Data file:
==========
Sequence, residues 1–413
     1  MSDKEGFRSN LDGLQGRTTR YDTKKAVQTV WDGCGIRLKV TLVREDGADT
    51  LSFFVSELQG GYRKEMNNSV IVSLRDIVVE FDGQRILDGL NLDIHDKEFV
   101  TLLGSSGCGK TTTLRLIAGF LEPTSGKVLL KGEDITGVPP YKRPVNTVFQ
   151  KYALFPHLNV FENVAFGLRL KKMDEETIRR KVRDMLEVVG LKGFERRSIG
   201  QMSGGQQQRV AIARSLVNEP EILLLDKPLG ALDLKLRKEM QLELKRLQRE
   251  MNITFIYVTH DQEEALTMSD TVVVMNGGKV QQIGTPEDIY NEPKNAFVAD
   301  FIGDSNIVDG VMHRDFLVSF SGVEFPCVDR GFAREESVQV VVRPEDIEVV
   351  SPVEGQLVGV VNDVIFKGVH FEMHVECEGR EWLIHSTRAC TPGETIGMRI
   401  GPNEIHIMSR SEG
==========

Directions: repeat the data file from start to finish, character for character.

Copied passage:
Sequence, residues 1–413
     1  MSDKEGFRSN LDGLQGRTTR YDTKKAVQTV WDGCGIRLKV TLVREDGADT
    51  LSFFVSELQG GYRKEMNNSV IVSLRDIVVE FDGQRILDGL NLDIHDKEFV
   101  TLLGSSGCGK TTTLRLIAGF LEPTSGKVLL KGEDITGVPP YKRPVNTVFQ
   151  KYALFPHLNV FENVAFGLRL KKMDEETIRR KVRDMLEVVG LKGFERRSIG
   201  QMSGGQQQRV AIARSLVNEP EILLLDKPLG ALDLKLRKEM QLELKRLQRE
   251  MNITFIYVTH DQEEALTMSD TVVVMNGGKV QQIGTPEDIY NEPKNAFVAD
   301  FIGDSNIVDG VMHRDFLVSF SGVEFPCVDR GFAREESVQV VVRPEDIEVV
   351  SPVEGQLVGV VNDVIFKGVH FEMHVECEGR EWLIHSTRAC TPGETIGMRI
   401  GPNEIHIMSR SEG